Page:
Approximately 350,000 people in Australia have asset values of more than a million dollars and are claiming the aged pension due to the assets test that leaves the family home out of the pension calculation. And it is costing the country billions said a report from the national centre of social and economic modelling yesterday. It is money well spent, many here might say. But there are plenty of people prepared to say that this is just a “Government-funded inheritance subsidy scheme for the next generation” and it needs to change.
The issue is political dynamite, but seems like one that has to explode sooner or later. As 77 per cent of the over 65s, Australia’s pensioners are a powerful group, perhaps one of the most powerful in Australia, as the Abbott Government found out when they proposed changes to both the pension age and the health schemes affecting pensioners last year.
The aged pension costs Australia $42 billion per year and it is being said that the government could save more than $5 billion through changes to the way the wealthy family home is considered. Seniors groups COTA and National Seniors are both asking the government not to make a knee jerk reaction, but to consider a wide ranging review of pension and seniors related issues, looking at it holistically to understand how all of the issues affect those retired or approaching retirement. But today we want to hear what you think. Do you think the government should implement a test that excludes the asset rich, cash poor from the pension?
It is clear the government and the opposition are listening with the social services minister Scott Morrison moving to allay political fears this morning on talkback radio, categorically ruling out putting the family home in the assets test for the pension. But it is about to become a lot more heavily discussed.
The parliament will table the five-yearly intergenerational report after some delays in the next few weeks, which is destined to bring this subject to the fore and raise widespread debate about how the pension can be adjusted without losing the voters the Abbott Government so desperately need.
There is some talk that the Government might move to change the assets test one day, but only as a long ranging policy that would likely not affect this generation of pensioner. In a speech to the Centre for Independent Studies, Kelly O’Dwyer, Parliamentary secretary to the Treasurer was confident about what needs to happen.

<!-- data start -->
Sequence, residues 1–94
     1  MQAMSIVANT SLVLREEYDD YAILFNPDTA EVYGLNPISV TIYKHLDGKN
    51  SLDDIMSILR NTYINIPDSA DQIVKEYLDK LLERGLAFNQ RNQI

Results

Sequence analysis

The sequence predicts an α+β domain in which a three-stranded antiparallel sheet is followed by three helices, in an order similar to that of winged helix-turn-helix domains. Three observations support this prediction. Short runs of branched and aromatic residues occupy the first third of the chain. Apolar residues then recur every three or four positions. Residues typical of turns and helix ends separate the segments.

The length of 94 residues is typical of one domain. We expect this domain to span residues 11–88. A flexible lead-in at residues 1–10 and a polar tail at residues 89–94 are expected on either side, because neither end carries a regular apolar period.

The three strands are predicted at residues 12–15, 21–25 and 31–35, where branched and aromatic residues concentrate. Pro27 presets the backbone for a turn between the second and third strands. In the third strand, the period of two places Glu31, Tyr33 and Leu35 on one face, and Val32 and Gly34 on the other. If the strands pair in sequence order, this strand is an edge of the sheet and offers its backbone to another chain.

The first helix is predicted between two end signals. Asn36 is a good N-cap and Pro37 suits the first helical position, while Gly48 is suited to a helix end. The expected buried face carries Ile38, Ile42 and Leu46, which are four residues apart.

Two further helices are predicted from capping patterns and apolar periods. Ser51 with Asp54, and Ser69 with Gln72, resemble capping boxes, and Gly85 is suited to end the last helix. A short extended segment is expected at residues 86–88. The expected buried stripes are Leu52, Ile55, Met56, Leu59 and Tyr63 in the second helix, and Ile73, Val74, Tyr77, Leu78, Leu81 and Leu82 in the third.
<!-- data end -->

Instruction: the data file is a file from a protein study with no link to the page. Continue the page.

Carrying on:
“Leaving aside for the moment whether it’s the right thing to change the assets test, one of the key questions that advocates of change will need to address is how to be fair to those who decided to overcapitalise in their house over a number of years, possibly decades, precisely because of that exemption for the family home,” she said.
“The challenge for government is that it needs to take into account all of these different perspectives and will necessarily need to make compromises between them”.
According to the Financial Review, the last intergenerational report, released in 2010, estimated that by 2049-50, age-related pension payments would increase from 2.7 per cent of GDP to 3.9 per cent, This amounts to over $60 billion a year in today’s dollars.
The Grattan Institute reports from 2013 say that including some of the value of the home in the assets test would raise as much as $5 billion a year in revenues.
It also estimated that in 2011, among pensioner-age households with a million in net assets, about 80 per cent received welfare benefits. On average they received more than $200 a week.
The Audit Commission report presented to the Federal Government suggested that the pension asset and income tests should be combined and that there should be a valuation trigger applied to the value of a home of over $500k for singles and $750k for couples.
It is worth noting that 77% of Australians over the age of 65 receive income support. It is no wonder the Government sees the concern in changing such policy.
And whilst the Government searches for income, the people who rely on the income support system for a basic acceptable standard of living say that they are finding it harder to make ends meet.
Share your thoughts today… Should the Government be implementing an assets test on pensions?